circadian rhythm

(redirected from Circadian cycle)
Also found in: Dictionary, Thesaurus, Medical.
Related to Circadian cycle: Circadian clock

circadian rhythm:

see rhythm, biologicalrhythm, biological,
cyclic pattern of physiological changes or changes in activity in living organisms, most often synchronized with daily, monthly, or annual cyclical changes in the environment.
..... Click the link for more information.
.

circadian rhythm

[sər′kād·ē·ən ′rith·əm]
(physiology)
A self-sustained cycle of physiological changes that occurs over an approximately 24-hour cycle, generally synchronized to light-dark cycles in an organism's environment.
References in periodicals archive ?
Understanding the circadian cycle and how the body reacts to shift work is essential for making schedules, which can help employees adapt to non-standard work hours.
Zeitgeber time (ZT): A standardized 24-hour notation of the phase in an entrained circadian cycle in which ZT 0 indicates the beginning of day, or the light phase, and ZT 12 is the beginning of night, or the dark phase.
Moreover, genetic mutants lacking circadian cycles of rest and activity died more quickly on infection with these pathogens than normal flies did.
However, the authors point out that the circadian cycle operates normally in the absence of the cell cycle.
Other investigators studied the effects of a disrupted circadian cycle by offering alcohol solutions to rats kept under constant light or constant darkness (Goodwin et al.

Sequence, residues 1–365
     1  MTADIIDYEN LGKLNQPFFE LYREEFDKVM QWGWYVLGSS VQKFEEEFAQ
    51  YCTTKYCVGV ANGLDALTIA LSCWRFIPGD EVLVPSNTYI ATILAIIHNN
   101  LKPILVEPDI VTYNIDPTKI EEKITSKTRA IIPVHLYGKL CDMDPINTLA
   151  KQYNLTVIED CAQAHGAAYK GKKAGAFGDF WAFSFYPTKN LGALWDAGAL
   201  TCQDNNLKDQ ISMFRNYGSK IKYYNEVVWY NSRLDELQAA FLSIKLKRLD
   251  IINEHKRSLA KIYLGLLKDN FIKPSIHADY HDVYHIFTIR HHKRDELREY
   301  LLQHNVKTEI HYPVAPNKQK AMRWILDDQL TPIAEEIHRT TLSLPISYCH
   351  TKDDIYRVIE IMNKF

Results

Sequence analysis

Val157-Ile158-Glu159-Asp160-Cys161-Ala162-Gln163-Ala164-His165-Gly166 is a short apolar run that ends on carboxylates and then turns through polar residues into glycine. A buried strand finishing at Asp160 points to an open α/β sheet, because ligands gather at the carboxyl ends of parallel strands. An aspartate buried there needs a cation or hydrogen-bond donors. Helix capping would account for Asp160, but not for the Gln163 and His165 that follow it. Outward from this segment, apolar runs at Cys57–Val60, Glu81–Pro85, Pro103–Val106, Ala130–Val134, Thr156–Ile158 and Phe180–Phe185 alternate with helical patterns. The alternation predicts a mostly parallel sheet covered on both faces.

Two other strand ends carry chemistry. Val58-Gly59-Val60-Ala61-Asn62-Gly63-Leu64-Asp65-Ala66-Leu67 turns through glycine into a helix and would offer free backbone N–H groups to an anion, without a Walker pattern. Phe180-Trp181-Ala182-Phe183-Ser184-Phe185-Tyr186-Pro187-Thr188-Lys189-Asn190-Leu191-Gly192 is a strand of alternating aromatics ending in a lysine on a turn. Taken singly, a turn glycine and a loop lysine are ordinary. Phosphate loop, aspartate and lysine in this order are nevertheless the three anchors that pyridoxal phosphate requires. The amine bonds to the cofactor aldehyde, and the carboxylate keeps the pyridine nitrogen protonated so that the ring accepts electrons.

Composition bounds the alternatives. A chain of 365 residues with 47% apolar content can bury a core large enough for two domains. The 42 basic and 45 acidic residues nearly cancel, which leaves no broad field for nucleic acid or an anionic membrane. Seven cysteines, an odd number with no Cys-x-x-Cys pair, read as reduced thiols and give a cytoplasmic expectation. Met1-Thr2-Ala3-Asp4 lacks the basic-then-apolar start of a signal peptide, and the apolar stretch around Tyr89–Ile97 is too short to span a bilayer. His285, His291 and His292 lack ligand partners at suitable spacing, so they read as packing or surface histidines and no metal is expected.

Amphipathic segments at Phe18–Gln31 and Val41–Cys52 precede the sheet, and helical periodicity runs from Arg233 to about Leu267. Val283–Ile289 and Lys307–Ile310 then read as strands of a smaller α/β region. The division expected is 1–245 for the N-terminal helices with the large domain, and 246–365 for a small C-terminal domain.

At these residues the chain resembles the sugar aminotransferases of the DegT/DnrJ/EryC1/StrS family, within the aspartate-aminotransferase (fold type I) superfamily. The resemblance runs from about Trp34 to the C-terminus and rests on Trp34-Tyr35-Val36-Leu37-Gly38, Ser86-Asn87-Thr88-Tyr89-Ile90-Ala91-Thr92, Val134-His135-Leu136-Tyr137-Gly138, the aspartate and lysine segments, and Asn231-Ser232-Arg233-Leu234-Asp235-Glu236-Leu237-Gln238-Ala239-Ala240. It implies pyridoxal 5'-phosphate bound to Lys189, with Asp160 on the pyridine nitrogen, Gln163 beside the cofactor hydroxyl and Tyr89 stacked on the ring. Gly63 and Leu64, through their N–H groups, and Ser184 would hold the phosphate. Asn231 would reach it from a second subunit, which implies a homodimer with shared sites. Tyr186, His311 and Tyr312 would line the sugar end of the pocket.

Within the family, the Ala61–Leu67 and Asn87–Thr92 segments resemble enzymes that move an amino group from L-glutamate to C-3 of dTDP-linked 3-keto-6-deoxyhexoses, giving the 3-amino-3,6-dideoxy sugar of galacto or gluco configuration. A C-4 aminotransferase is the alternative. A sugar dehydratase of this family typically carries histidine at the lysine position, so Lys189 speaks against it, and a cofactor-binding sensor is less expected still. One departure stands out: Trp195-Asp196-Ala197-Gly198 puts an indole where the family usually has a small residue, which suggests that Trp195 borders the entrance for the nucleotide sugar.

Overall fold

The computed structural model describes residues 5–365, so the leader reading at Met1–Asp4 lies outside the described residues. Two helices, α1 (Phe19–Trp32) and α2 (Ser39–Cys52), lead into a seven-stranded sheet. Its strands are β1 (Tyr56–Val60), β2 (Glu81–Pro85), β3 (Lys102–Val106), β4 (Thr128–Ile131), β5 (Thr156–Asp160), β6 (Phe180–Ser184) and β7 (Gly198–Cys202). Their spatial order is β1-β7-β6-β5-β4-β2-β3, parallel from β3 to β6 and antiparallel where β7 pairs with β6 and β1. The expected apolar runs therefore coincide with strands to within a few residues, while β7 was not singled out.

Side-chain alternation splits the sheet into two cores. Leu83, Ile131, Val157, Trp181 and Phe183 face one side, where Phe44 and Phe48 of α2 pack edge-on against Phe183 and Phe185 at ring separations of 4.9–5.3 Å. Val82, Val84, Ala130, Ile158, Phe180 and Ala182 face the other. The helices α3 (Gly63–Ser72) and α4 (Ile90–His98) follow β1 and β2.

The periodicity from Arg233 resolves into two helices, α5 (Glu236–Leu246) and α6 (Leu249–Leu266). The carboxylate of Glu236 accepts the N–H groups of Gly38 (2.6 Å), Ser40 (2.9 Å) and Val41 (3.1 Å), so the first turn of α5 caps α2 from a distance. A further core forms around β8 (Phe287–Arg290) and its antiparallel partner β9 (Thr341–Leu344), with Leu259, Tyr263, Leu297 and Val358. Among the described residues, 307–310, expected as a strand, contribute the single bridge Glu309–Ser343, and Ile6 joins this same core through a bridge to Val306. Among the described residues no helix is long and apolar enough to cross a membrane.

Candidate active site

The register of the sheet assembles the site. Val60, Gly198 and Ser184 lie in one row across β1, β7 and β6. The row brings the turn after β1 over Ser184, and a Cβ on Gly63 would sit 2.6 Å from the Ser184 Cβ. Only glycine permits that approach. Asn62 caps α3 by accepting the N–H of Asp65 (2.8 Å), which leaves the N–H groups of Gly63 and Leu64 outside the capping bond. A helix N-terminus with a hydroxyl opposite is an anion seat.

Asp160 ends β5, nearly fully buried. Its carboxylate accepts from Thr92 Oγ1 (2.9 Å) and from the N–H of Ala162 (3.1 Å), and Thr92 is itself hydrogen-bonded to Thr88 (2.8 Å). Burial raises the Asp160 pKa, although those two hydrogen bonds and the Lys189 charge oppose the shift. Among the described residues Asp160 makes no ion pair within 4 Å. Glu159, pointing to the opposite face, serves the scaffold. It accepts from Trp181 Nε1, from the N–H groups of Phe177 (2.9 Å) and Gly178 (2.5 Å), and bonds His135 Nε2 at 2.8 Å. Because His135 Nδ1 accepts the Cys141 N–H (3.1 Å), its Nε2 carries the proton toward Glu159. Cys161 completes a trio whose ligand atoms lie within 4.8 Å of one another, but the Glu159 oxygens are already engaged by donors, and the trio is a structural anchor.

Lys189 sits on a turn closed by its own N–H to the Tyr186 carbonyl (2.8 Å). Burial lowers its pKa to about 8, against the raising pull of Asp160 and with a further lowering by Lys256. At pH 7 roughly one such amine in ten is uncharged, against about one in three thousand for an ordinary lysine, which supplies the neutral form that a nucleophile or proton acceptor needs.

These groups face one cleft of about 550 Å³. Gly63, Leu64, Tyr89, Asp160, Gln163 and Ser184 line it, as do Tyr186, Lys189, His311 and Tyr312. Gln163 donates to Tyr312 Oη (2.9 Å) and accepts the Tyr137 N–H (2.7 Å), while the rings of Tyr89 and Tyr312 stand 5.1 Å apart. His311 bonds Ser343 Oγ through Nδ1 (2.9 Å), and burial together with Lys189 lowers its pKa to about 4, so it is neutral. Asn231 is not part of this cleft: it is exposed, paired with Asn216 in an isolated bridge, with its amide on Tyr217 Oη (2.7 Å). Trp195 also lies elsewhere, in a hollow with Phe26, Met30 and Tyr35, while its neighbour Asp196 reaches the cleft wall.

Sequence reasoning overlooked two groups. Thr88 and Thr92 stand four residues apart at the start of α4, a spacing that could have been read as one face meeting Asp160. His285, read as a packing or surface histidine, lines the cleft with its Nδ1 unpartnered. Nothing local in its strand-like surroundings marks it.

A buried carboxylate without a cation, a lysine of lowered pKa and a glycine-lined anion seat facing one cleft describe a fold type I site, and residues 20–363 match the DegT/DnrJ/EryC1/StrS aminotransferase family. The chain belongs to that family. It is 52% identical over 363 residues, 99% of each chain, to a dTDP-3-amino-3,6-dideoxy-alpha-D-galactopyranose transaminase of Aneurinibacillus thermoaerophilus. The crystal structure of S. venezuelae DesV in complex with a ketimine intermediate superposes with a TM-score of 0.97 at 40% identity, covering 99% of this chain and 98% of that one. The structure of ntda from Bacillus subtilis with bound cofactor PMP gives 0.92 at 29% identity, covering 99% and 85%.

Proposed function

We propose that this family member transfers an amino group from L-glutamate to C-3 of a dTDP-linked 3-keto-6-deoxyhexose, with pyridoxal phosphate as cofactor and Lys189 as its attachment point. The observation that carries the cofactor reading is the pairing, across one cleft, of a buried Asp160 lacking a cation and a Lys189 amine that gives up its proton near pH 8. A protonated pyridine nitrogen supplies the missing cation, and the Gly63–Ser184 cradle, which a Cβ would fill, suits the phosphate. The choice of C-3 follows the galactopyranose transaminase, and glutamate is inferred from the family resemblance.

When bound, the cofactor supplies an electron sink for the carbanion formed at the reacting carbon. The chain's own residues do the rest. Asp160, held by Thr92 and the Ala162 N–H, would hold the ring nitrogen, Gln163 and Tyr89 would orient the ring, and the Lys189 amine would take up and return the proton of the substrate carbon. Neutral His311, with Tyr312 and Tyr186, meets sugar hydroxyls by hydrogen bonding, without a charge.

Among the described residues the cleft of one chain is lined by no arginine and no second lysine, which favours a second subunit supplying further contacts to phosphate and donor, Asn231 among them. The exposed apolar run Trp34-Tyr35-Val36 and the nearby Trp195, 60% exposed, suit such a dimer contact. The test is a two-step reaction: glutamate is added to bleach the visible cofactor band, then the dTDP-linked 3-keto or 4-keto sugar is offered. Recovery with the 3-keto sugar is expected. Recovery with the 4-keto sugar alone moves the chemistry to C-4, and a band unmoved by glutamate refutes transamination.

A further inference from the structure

After the first 24 hours, the circadian cycle continues to be affected, even without further consumption of alcohol.
This circadian cycle has profound effects on DGE in the liver.
She points out that Drosophila become arrhythmic in response to constant light and revert to a circadian cycle when light and darkness alternate again.
With respect to the 34 hour restart, FMCSA has correctly found in the past that requiring two nights of sleep would disrupt drivers' circadian cycle and add to more daytime driving in congested periods, again increasing crashes.
They hypothesized that periods of blue light, like daylight, can help regulate the sleep-wake rhythm, which is a behavioural pattern linked to the 24-hour biochemical circadian cycle of the hormone melatonin.
Furthermore, variation in circadian cycle for individual rats also makes comparisons of heart rate or blood pressure difficult.
Edlund explores the effects and impact of sleep deprivation and the principles of understanding monitoring one's 24-hour circadian cycle.